Tonight, my spin instructor said something that caught me off guard and resonated with me pretty strongly.
“If you can complete a 60 minute spin class, you are an endurance athlete.”
I don’t think I’ve really every considered myself an “athlete”. The only time I did was when I was competing seriously in horse shows. I was training everyday at the barn and going to the gym to get stronger. I was waking up at 4am on competition day, and was ready and on my horse at 6am to start. I also considered my horse just as much of an athlete (which he was), feeding him supplements to help with his bones and muscles and giving him the best care possible. To me, athletes are the elite: Olympians, National Champions in their given sport, NBA players, NFL players, professionals.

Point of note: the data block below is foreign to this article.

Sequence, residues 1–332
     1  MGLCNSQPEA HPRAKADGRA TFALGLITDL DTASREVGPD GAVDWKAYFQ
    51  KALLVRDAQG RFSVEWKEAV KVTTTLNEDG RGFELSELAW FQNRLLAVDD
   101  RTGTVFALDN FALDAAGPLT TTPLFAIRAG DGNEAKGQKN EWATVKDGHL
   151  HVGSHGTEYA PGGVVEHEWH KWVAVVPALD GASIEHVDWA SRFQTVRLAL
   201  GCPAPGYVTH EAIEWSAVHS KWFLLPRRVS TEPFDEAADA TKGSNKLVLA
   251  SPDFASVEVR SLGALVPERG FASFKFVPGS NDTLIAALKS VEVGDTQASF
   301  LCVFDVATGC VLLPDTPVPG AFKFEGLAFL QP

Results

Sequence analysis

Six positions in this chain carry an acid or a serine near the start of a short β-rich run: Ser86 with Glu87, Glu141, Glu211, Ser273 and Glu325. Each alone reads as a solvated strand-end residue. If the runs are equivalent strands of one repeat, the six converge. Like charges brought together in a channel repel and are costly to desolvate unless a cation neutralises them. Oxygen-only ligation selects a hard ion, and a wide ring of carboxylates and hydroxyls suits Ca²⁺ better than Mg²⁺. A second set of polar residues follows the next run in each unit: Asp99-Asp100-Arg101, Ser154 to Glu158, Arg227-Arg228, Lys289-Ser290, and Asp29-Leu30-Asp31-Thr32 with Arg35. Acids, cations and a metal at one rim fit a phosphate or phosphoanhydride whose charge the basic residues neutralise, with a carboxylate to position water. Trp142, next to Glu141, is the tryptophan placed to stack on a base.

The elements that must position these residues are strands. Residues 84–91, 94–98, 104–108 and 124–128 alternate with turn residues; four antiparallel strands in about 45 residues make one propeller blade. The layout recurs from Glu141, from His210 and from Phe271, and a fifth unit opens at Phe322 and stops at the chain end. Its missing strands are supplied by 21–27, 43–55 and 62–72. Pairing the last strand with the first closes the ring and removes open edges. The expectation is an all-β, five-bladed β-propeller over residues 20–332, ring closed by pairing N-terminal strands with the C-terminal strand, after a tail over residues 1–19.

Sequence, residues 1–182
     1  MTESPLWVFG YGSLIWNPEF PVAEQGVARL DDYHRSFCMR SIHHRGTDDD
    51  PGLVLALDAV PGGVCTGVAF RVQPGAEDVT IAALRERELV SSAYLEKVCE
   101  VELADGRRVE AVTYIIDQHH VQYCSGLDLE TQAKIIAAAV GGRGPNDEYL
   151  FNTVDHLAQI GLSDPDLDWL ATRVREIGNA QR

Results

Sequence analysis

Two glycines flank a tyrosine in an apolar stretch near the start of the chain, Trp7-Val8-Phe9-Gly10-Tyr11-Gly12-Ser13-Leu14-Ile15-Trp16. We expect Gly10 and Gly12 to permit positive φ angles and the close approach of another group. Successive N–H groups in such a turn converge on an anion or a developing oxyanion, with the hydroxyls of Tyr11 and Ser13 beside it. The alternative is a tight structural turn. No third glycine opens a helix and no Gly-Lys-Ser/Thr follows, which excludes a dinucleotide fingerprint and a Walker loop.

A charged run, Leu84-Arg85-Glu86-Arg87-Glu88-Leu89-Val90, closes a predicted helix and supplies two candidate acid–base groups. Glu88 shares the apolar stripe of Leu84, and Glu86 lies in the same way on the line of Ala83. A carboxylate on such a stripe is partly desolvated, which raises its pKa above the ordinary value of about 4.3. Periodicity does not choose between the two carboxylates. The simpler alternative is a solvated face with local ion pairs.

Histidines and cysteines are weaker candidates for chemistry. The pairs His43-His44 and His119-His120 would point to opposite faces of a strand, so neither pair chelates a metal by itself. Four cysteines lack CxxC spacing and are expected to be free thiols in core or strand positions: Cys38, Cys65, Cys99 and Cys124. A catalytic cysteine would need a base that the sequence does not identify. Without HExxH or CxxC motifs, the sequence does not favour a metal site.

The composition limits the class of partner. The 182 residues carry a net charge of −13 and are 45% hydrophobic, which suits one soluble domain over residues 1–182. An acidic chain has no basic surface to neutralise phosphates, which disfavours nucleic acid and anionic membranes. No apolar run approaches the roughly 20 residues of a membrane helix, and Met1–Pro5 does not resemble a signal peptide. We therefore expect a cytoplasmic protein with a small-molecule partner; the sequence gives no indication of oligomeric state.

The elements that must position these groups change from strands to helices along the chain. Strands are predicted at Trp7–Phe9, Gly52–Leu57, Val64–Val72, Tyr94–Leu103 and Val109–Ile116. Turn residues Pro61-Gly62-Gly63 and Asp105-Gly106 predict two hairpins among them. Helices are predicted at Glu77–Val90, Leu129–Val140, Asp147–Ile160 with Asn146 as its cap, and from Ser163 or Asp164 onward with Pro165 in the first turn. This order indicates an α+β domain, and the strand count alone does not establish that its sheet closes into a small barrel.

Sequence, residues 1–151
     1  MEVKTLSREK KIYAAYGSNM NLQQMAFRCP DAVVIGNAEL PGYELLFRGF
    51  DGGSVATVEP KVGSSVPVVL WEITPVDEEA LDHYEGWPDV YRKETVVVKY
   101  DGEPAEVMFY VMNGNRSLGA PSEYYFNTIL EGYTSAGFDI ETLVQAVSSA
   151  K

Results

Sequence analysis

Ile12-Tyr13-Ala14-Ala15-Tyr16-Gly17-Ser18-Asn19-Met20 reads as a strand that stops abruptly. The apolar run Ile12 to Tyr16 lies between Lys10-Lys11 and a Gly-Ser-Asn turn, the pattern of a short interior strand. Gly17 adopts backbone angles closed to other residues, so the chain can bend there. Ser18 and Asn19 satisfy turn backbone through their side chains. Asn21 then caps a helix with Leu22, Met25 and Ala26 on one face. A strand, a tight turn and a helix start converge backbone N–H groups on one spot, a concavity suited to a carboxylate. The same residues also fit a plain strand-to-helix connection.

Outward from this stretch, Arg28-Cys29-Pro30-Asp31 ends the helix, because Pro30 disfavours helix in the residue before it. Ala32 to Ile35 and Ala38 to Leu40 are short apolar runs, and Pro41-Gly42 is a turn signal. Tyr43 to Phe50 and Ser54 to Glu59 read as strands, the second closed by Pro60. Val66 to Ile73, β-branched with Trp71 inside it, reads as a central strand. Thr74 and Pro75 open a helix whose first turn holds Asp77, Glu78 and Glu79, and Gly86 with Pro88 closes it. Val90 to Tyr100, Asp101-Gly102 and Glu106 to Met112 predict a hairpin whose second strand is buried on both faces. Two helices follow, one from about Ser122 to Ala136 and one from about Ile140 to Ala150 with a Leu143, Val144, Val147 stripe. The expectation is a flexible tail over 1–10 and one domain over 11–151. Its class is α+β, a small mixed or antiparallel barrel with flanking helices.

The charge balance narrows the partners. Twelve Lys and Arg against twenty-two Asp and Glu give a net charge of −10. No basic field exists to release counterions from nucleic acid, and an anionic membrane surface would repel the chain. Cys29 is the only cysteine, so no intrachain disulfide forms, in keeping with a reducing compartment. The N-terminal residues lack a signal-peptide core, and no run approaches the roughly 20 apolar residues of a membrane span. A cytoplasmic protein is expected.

I’m not a marathon runner, I haven’t even run a half (but I am training for one). I don’t consider myself an athlete, but I need to change that view. Our bodies are incredible and can do incredible things. We all work hard, eat right, and do things that challenge our bodies as much as we can. Pushing ourselves to our own personal max makes us athletes. We strive to get better – whether that means increasing our speed to qualify for Boston, or building up milage to be able to run a 5k – we challenge our bodies in different ways to do these things. These things are what makes us an athlete. Exercise is powerful, my body is powerful, and athletes are powerful. I think sometimes that we start to compare ourselves to others who do “bigger” things than us in the athletic department. This is not important. What is important is the things that we can do. I can’t do a pull-up, and I can’t run a marathon, but I can spin like a machine for 60 minutes and I can run a 5k in my sleep. I am improving. I am an athlete. And you are too.